Prof. Adam Biener collaborated with Association of Prosecuting Attorneys to examine staffing, compensation, and workload
By Bryan Hay
Facing stagnant salaries and an ever-increasing and complex workload, prosecutors are in short supply in the nation’s largest cities, a situation that has pressing implications for constituents and getting cases through the courts, according to a new study by Prof. Adam Biener.
Biener’s “Prosecutor Workplace and Compensation Study,” done for and in concert with the Association of Prosecuting Attorneys, a nonprofit, nonpartisan professional organization of elected and appointed prosecutors, reveals that prosecutor’s offices offices are constrained by inadequate staffing, uncompetitive compensation, and a lack of resources to better serve their communities.
“These challenges have likely been exacerbated by disruptions from the COVID-19 pandemic, and may result in further strain, burnout, and attrition that can undermine the functioning of prosecutors’ offices,” the study says.
“It’s important to think about the role of the prosecutor,” says Biener, assistant professor of economics. “Oftentimes, we have a fairly narrow conception of what prosecutors do when we see them on television reacting to a particularly egregious or heinous crime that has been committed. But a lot of the job is really unseen. Very few cases ever make it to trial.”
Increasingly, prosecutors are overseeing specialized dockets and programs for certain offenses, such as for people charged with drug-related crimes, and dealing with rising expectations related to the use of sophisticated technology in preparing cases.
“The role of the prosecutor has expanded a lot over the last 20 years,” says Biener, pointing to the use of police body cameras as an example of how preparing a case has become more tedious and cumbersome.
“What may originally have been boxes of paperwork—transcripts of calls and emails—now involves the review of hours and hours of camera footage,” he says. “And these things have to be delivered to the defense in a timely way. This is the legal expectation.”
The study showed that, on average, 162 attorneys per office were involved in processing criminal cases, translating to 10.4 attorneys per 100,000 jurisdiction residents.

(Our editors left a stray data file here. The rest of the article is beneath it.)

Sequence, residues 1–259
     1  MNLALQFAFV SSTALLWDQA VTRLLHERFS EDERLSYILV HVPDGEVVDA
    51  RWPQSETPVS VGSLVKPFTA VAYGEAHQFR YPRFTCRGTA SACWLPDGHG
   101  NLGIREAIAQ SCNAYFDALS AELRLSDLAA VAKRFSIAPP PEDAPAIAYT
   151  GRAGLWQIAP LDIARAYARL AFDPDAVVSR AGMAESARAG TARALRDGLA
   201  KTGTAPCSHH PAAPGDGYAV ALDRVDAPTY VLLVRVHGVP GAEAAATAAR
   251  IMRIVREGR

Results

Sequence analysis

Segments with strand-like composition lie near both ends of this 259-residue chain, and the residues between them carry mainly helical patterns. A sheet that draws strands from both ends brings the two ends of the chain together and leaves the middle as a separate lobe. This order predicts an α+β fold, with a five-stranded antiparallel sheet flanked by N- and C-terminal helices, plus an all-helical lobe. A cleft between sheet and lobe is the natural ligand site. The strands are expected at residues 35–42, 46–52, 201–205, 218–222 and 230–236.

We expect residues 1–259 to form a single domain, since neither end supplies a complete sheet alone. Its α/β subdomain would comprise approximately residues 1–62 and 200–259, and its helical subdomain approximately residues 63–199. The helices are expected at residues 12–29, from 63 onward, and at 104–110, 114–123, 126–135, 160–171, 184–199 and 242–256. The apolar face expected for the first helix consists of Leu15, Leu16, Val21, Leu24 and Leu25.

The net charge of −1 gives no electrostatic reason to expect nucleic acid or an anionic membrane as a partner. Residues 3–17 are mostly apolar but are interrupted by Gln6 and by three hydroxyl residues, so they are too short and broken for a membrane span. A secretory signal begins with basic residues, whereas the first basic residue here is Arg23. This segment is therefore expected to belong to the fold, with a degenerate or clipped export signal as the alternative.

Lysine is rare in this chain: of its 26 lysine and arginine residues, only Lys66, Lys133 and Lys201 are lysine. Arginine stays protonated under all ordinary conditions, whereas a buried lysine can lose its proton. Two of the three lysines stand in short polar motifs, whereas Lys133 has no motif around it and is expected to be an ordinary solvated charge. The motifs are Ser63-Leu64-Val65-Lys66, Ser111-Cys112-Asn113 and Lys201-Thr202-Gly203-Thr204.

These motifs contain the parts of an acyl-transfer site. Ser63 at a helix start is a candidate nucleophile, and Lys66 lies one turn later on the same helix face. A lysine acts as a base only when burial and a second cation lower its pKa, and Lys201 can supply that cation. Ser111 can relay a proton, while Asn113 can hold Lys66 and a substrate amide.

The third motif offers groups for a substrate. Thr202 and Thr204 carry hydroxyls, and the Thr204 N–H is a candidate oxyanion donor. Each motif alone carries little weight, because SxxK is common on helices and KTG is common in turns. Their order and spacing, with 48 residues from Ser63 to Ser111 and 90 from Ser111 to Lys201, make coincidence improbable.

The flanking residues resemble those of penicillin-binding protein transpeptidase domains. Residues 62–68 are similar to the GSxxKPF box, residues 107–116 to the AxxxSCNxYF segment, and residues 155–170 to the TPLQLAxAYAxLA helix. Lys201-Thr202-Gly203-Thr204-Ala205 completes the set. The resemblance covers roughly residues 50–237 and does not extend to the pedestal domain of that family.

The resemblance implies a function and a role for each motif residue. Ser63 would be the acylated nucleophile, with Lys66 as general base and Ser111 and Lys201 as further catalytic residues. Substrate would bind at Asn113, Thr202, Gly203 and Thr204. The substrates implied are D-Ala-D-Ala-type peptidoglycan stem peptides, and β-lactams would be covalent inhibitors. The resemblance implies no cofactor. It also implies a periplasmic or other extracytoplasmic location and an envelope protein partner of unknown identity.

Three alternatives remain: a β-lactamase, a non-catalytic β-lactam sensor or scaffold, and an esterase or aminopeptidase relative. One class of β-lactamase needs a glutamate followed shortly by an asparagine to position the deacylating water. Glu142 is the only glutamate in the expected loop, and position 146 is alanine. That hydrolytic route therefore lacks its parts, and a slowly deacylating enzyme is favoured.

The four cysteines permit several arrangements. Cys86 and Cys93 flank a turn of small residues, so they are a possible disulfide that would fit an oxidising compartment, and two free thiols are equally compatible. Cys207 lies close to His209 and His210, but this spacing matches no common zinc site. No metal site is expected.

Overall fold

The average starting annual salary for a nonsupervising attorney among large prosecutors’ offices is $68,506, per 2020 statistics. Biener’s study notes that the pay rate has not kept up with inflation and the increased demands placed on prosecutors.
“The volume of material they have to consider is increasing, and the same tasks that they have traditionally performed are becoming more onerous,” Biener says. “This could put great strain on any person who has to fulfill this role. But instead of increasing the compensation or resources to allow any prosecutor to do the increasingly complex, time-consuming job, pay is not rising in a way that’s commensurate with that additional demand on that person.”
Doing more with less is the classic scenario that inevitably leads to burnout, low job satisfaction, and attrition, motivating prosecutors, just like any other disaffected employee, to look for work elsewhere, he adds.
The study surveyed county prosecutors’ offices whose jurisdictions contain the 50 most populous U.S. cities, which collectively prosecute a large share of state-level crimes in the country. Each office was asked to complete a survey about staffing, compensation, and programmatic needs. Of those 50 offices, 31 responded.
Ironically prophetic in light of the study’s conclusions, the primary reason given for not responding was insufficient staff time to dedicate to completing the survey.
The findings in Biener’s study, which was conceived two years ago, will be of utmost interest when the association’s Major County Prosecutor’s Council meets Nov. 18-19 in New York City.
“The report was conceived based on the claims from the prosecutors who are members of the association that they find they’re under-resourced and understaffed and have difficulty attracting new prosecutors to do an increasingly difficult job,” Biener says. “They’re very concerned that this cannot only be a strain on the prosecutors themselves, but also can diminish the prosecutors’ offices’ ability to improve public safety.”
He notes that the findings may be of interest to average citizens concerned about the impact of COVID-19, from job strains to growing case backlogs. The findings also may assist policymakers in their understanding of the situation and improve their dialogue with prosecutors’ offices.
“The offices that responded to the study wanted to know where they stand in relation to their peers,” Biener says. “They wanted to understand what the possible causes, correlates, and consequences of their resource strains might be, and understand better the nature of the problems they’re experiencing.”